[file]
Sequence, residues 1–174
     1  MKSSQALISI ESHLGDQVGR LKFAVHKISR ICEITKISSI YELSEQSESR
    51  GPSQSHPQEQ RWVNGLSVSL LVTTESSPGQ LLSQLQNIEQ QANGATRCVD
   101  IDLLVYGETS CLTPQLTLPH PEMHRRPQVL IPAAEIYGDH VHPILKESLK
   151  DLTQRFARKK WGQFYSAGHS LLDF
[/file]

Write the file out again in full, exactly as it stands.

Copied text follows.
Sequence, residues 1–174
     1  MKSSQALISI ESHLGDQVGR LKFAVHKISR ICEITKISSI YELSEQSESR
    51  GPSQSHPQEQ RWVNGLSVSL LVTTESSPGQ LLSQLQNIEQ QANGATRCVD
   101  IDLLVYGETS CLTPQLTLPH PEMHRRPQVL IPAAEIYGDH VHPILKESLK
   151  DLTQRFARKK WGQFYSAGHS LLDF